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Old 04-13-2008, 02:48 PM   #1 (permalink)
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Default My Sexy TREXY 500, finally! (Build Report)

After months of homework for all the mods, I've finally finished my TREX 500.

The build took a long time and I found that I had to do many more mods then were required for either my 450 or the 600 builds. Some of the mods were required and some I just wanted to do. Ultimately, I’m really happy with the quality of the completed bird.

I tried to stay top end on the components since I have found that spending more up front usually costs me less long term and I am generally more happy with the heli. I didn’t follow this to an extreme though since I didn’t opt for a Jazz ESC on this build.

ESC: Stock Align
Cyclic Servos: JR Z3650s x 3
Tail Servo: Futaba BLS251 Brushless
Gyro: Spartan DS760

Component placement is always critical for me so I built off of all the lessons I have learned from the 450 and the 600 as well as lots of Helifreak input. Here are rules I generally try to balance while laying out components. Most of these came from Finless Bob years ago with an associated EEEK.

1) Isolate high current noisy components (Main Battery, ESC, and motor) from low current parts (Antenna, Battery, gyro, gyro controller, and receiver)
2) Protect all components from crash damage
3) Make heli parts you replace regularly easy to replace (Bottom Plate, Tail boom, belt, tail pulleys, etc)
4) Keep wiring runs short
5) Protect all wiring
6) Assure continuity from head to tail. (Newly added rule with this build)

Here's what I came up with:

I avoided running any wiring through the boom block area so it could be easily removed. I ran the wires on the outside through this area.

Side views with no canopy

The receiver and gyro were combined into one Electronics Module. It’s completely protected inside the rear of the machine and easily removable as an entire unit. This allowed me to minimize the wire runs between these components. I couldn’t use one of my TREX500 gyro trays since the Futaba receiver has its plugs on the top so I made a variant tray that slides in the back. The rear two plastic bottom plate screws secure it in place while allowing it to be easily removed. I was trying to avoid any rewiring when I have to swap out the plastic bottom.

When shortening the gyro to rudder servo run, I included a drop down diode under the shrink around the tail servo connector.

The ESC was placed inside the front to protect it and minimize high current wiring. It fits under there with no altering of the stock ESC wires like it was made to fit. I'll keep watch on that area for heat since both the motor and ESC are heat generators. I used a similar approach with my TREX 600 and have had no problems with it.

The ESC control line is isolated to one side away from all the servo runs. Each servo wire was run in its own sleeve to allow easy replacement if a servo dies. The Elevator and rudder servo wires were shortened, but the aileron and pitch servos were just barely long enough. I left some slack in the wiring in back to allow me to wire the Electronics module while shifted out the back.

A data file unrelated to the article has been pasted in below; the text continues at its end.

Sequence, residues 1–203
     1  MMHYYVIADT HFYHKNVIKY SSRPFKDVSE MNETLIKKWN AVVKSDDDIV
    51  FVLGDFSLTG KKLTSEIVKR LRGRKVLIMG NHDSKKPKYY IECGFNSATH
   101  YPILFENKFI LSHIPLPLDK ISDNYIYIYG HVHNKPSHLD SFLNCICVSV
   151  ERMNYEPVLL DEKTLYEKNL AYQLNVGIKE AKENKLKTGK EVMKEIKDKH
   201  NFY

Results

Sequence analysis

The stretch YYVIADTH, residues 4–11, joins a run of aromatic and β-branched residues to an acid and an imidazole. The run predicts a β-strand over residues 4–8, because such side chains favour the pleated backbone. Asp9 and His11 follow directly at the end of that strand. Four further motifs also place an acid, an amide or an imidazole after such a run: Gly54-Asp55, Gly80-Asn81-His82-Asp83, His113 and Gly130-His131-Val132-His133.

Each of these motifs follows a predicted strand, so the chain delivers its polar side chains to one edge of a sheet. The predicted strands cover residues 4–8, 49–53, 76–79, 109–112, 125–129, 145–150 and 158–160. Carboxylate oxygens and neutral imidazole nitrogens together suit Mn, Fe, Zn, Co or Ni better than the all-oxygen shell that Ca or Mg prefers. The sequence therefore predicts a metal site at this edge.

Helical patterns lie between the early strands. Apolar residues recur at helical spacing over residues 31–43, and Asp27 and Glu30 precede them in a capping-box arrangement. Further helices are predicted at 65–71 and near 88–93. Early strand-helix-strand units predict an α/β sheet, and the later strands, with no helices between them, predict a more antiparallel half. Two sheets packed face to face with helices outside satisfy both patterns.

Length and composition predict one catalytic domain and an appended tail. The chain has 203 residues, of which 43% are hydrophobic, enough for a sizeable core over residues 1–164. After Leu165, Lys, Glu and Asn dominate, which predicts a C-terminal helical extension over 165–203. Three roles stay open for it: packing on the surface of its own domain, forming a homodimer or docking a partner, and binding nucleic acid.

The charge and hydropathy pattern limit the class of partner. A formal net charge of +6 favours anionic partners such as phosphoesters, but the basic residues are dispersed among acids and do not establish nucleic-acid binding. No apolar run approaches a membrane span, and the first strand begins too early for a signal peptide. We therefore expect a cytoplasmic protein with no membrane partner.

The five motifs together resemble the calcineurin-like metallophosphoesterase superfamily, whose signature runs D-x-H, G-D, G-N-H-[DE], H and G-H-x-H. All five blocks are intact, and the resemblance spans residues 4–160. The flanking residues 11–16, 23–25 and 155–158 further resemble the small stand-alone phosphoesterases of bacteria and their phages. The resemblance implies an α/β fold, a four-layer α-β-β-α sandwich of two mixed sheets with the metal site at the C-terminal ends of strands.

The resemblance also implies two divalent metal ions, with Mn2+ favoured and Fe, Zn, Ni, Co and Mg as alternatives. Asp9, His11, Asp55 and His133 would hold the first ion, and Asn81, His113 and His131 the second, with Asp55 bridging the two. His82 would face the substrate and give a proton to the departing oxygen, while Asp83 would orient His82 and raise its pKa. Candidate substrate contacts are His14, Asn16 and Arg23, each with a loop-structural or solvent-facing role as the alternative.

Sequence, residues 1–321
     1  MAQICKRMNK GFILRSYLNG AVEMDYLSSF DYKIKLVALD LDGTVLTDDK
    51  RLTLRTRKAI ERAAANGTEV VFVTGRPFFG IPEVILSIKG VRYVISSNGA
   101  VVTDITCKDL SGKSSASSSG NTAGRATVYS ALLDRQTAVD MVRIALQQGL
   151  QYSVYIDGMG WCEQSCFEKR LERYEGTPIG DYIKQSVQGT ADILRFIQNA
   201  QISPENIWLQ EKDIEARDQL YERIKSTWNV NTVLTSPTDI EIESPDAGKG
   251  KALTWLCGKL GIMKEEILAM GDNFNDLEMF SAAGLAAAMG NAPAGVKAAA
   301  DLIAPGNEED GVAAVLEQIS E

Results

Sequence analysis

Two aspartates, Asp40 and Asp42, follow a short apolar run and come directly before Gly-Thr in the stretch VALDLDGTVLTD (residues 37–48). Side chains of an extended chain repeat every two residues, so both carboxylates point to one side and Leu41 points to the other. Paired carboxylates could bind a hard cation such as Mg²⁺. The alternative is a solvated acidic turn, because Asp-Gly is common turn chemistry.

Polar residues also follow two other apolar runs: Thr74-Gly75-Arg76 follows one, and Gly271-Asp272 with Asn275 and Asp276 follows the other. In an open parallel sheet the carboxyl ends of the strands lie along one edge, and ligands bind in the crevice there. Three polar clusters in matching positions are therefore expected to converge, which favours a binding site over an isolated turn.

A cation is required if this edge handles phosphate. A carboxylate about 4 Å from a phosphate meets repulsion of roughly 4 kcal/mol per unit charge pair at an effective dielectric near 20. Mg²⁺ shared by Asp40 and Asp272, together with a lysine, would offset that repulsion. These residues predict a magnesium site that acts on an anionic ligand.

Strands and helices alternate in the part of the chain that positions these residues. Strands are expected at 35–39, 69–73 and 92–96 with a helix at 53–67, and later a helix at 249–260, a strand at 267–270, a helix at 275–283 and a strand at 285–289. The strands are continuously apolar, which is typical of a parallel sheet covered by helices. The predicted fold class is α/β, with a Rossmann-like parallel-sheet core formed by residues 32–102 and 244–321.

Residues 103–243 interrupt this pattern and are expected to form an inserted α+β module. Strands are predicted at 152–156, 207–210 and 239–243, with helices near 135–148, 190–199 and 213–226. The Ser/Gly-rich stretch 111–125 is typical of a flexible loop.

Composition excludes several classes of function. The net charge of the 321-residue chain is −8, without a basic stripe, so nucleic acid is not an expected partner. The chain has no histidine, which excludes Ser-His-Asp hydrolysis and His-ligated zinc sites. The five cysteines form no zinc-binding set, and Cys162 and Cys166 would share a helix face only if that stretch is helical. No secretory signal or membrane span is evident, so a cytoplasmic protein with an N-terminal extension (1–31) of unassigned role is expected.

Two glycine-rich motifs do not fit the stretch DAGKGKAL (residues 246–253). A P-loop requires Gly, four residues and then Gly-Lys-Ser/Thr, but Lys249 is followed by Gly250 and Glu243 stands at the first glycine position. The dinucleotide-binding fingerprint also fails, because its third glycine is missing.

I opted for a Revolution Whip this time just to try something different than the Deans. I used the antenna bobbin approach that OICU812 showed me while building my 450. I still use my 72 MHz receivers since they have served me well and I’m kind of waiting for the 2.4 radios to mature a bit. Notice also that I never run any wiring below the skid mounts because I have often seen the skids ripped off in a crash.

I opted for the Spartan DS760 gyro and Futaba BLS251 brushless tail servo (thanks OICU812) since I really want a locked in tail and was willing to pay a bit more to get it. Since the BLS251 is a full sized servo, I had to use a TREX 600 tail servo mount with the TREX 500 boom rings. I've seen others grind the 500 mount and make it work. I did use a drop down diode since this servo expects a 4.8 volt input and I wanted to drive my cyclic servos with the higher voltage. I was a bit worried about COG with the larger tail servo, but with the canopy mod and overall component layout, it balances perfectly without even having to move the battery down on the it's tray.

Since ESD is an issue for this heli, I did a number of things to minimize it. The main thing I did was make sure I had conductivity from head to tail through my frame and metal components. I did all the following mods to limit ESD:

1) Use metal tail and assure conductivity from shaft to boom. I used a file to scrape off the anodize just under the screws where the black plates connect to the silver frame. I also sanded the inside of the tail assembly where the boom enters. I filed the paint off the boom at both ends.

2) Copper foil on boom block to assure conductivity from boom to pulley to frame. The copper foil feeds way down into the hole for the cross tie so that when the cross tie pushes in it makes good contact. I filed the top edge flat across like a waterfall where it first goes into the cross tie hole.

3) Made frame into Faraday cage. I have no real proof that this mod helps and it took a few hours of work to do. I'm using it as a test bed to find ways to reduce ESD. I would not recommend others to re-create it. I in fact have already removed parts of it since the copper is thin and gets damaged easily when changing things.